James, why do you let this guy call you 'Jim'? Is he a mate of yours? AA and LACS can be considered extreme as they have been known to stage sometimes abusive and violent protests as well as their more peaceful ones. Their ultimate aims are also pretty extreme. Most animal right organisations are less than open about their opposition to animal use and ownership in general. If Mr and Mrs Joe Public knew these organisations would turn their attentions to course fishing, pigeon racing, show jumping etc etc once they have removed 'blood sports' (what i see in the case of shooting as an honest harvest of free range and wild meat for my table rather than choosing factory farmed supermarket meat).
Why don't you just go away and focus on REAL animal cruelty? Are you worried about puppy farms, puppy dealers, dog fighting, halal slaughter? The 'cruel' shooters I know certainly are!

James Marchington said...

Vicky, good to have you on here. It's funny, the only other person who ever called me 'Jim' was a paedo who used to bother me at school. Wonder if they're connected?!

You're right to point out the extreme aims of these groups. They cross the line from 'welfare' which we all support, to 'rights' which is ludicrous and unworkable, and would destroy society as we know it.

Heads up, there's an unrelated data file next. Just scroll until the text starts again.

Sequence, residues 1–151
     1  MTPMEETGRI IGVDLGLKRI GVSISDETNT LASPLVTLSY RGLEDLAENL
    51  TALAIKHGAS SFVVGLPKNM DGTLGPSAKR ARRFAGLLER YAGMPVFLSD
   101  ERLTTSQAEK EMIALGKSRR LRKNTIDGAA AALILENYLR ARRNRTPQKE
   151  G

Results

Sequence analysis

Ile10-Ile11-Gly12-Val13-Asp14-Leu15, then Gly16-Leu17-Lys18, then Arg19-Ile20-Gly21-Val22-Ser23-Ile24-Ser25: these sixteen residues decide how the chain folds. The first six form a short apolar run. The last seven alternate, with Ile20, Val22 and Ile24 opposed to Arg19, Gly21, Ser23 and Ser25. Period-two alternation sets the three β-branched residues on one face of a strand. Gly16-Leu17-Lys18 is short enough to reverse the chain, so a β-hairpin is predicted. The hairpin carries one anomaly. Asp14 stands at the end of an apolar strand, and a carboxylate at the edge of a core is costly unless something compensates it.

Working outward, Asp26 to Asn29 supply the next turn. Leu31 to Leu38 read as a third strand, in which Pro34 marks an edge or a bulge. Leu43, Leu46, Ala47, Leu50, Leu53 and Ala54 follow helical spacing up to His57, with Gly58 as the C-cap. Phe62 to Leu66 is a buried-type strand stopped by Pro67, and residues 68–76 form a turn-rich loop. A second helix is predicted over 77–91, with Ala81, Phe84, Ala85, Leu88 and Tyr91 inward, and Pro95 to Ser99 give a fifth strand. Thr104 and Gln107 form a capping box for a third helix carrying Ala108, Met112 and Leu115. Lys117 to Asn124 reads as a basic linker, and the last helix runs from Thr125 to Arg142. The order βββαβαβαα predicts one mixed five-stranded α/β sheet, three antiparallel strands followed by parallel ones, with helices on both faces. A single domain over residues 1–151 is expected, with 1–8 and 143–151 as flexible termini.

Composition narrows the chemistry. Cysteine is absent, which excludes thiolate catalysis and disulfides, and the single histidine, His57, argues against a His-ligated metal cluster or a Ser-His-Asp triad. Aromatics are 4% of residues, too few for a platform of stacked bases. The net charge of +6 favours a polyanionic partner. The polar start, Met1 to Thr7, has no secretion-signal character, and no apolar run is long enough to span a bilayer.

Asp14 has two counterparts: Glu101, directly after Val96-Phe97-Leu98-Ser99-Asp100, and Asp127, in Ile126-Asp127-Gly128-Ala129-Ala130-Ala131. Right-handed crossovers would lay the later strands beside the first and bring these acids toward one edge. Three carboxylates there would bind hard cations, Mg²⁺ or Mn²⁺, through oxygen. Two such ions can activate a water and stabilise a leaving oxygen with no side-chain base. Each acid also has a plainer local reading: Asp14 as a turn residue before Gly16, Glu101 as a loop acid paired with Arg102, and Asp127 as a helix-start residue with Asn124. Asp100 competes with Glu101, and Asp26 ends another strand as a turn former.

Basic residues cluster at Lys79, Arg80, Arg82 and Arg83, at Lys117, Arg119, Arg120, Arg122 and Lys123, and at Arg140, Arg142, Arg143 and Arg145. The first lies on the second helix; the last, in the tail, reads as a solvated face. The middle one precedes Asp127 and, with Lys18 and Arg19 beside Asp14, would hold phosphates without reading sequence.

James Marchington said...

Phasianus, interesting comments. I also wondered about the camera not following the stalker after the shot, although in the circumstances I guess he wouldn't want to risk the crew frightening what might have been a wounded beast before he had a chance to finish it. (He muttered rather, but what I got from it was that it looked dead but he put a shot in its neck to make sure).

I too felt uncomfortable with the idea that the welfare of the beast might have been compromised by the demands of the production team. It seemed to me that some decisions were taken in the interests of 'good TV'. In the circumstances, I felt the estate staff did an excellent job to ensure it was done properly.

I may be wrong here, but I suspect the beast they butchered wasn't the one they shot. During the butchering, we clearly saw a bullet hole in the centre of the rib cage, which isn't what you'd expect to see after what had gone before.

Overall, though, an excellent demonstration of how open-minded people experiencing what shooting is really about (rather than swallowing the hate and lies peddled by the Batchelor idiot and the like) quickly see that it's not cruel, and is an ethical, sustainable (and, yes, enjoyable) way to harvest healthy, delicious food.